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Coronavirus West Berkshire: Mortimer medical student stranded in Tonga

Timothy Gomm is using social media in effort to get home

Jonathan Ashby

Jonathan Ashby


01635 886637

Coronavirus West Berkshire: Medical student stranded in Tonga

Timothy Gomm (right) was due to fly home last Friday

A WEST Berkshire medical student on a practical placement in Tonga has been left stranded after the island went into lockdown due to the coronavirus.

Timothy Gomm, from Mortimer, had been on the Pacific island for three weeks before his university – the University of Southampton – recalled all medical students around the world as they no longer deemed it safe.

The 23-year-old subsequently arranged a flight to New Zealand – and on to Singapore and then London – for last Friday.

However the day before he was due to fly, New Zealand closed its borders to non-natives in an effort to halt the spread of the virus.

Over the weekend the British Government negotiated with New Zealand to allow British nationals to transit through the country to return home – only for Singapore and then Tonga itself to close their borders.

The British Government also negotiated for British nationals to transit through Singapore, however that’s of no use to Mr Gomm who remains stuck in Tonga with no inbound flights. 

Mr Gomm – who was due to be in the Polynesian archipelago for eight weeks – said: “For all intents and purposes we seem to go one step forward and then take five steps back.

“I’ve been writing to MPs, getting friends who aren’t trapped here to tweet people, using social media to get the story out.

“I got myself on to Tonga national news – an article was written about us.

“People are listening, but the promises by the British Government to get us home haven’t come to fruition.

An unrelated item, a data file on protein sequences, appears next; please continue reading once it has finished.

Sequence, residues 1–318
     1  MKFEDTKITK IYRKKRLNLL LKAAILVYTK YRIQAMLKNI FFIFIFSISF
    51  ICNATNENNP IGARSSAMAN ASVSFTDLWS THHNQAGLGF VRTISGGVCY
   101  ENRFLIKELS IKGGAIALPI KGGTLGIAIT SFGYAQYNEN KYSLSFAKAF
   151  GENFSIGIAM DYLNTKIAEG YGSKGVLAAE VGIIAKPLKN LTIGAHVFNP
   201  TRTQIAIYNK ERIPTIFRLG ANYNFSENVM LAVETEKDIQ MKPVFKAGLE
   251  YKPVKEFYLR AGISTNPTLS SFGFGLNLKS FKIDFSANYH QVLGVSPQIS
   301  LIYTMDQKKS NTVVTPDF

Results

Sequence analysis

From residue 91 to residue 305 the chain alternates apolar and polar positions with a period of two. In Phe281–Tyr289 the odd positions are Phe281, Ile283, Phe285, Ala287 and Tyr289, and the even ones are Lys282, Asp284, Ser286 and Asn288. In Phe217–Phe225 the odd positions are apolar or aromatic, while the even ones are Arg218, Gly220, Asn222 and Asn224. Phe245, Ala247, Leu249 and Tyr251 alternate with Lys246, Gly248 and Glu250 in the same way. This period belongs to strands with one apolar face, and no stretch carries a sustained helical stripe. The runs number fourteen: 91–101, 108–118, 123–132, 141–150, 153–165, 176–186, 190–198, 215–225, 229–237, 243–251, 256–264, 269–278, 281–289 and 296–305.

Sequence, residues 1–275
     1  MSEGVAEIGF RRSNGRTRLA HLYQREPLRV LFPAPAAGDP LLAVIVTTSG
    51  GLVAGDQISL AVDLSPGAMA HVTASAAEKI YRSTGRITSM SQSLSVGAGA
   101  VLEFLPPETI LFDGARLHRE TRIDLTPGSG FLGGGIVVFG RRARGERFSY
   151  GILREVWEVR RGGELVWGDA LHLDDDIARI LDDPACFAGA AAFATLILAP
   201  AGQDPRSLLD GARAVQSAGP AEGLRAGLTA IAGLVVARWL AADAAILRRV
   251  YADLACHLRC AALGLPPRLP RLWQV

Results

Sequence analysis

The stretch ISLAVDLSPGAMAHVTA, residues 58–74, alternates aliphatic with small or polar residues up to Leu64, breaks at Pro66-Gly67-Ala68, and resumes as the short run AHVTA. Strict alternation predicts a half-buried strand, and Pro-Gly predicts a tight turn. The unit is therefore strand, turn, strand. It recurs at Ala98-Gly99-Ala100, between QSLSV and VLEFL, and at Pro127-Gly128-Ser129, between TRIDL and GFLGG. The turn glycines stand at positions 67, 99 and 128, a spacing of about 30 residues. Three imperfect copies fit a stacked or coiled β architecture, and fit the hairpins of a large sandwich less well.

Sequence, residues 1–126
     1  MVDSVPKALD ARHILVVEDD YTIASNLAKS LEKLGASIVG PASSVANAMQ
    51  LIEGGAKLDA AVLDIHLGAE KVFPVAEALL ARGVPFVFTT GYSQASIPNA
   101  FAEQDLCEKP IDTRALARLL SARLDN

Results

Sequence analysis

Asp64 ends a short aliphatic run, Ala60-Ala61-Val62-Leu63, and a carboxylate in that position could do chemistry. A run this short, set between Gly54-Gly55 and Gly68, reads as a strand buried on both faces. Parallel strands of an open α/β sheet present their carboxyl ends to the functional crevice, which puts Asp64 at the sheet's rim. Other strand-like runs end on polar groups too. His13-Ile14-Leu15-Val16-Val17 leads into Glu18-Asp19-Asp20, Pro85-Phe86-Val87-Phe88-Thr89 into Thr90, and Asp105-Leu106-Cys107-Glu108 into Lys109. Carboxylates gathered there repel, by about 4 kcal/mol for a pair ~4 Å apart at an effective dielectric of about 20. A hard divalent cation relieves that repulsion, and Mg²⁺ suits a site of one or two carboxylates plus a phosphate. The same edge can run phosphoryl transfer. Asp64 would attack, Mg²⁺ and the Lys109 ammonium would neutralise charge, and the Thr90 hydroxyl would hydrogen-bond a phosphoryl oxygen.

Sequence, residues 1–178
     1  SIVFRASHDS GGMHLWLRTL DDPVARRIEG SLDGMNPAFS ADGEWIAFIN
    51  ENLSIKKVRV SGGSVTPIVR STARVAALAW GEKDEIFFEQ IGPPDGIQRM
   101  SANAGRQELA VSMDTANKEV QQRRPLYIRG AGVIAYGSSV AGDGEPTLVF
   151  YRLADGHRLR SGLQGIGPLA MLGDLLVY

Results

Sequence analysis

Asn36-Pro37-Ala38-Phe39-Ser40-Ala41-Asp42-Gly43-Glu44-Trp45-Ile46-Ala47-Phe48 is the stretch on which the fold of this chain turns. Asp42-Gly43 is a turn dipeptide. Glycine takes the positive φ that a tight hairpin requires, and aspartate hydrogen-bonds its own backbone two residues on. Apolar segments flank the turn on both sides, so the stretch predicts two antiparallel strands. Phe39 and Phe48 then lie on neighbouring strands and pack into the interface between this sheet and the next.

“Every day we see tiny bits of hope form, but as of yet that hope hasn’t formed a plan for getting us home – but we’re still confident that we will get home.”

Although there are no confirmed cases of Covid-19 in Tonga, the country declared a state of emergency at the weekend.

Foreign nationals are now banned from entering the country, while all Tongan citizens and emergency officials arriving in the kingdom will now have to go through a 14-day quarantine period.

As Tonga gradually goes further and further into lockdown – with public gatherings restricted and schools set to close from tomorrow (Friday) – the situation becomes more urgent for Mr Gomm as temporary accommodation may be shut down.

The future doctor, who attended The Willink School in Burghfield, said: “No one knows what the lockdown here will look like.

“There are rumours that hotels and guest houses like the one I’m staying in might close, meaning there will be lots of people across the island with nowhere to stay.

“In the meantime, because our placement has been cancelled, we’re unsure if we’re covered by our insurance.

“There’s lots of questions that need to be answered like whether we’re allowed to go back into the hospital.

“It’s all a bit up in the air.”

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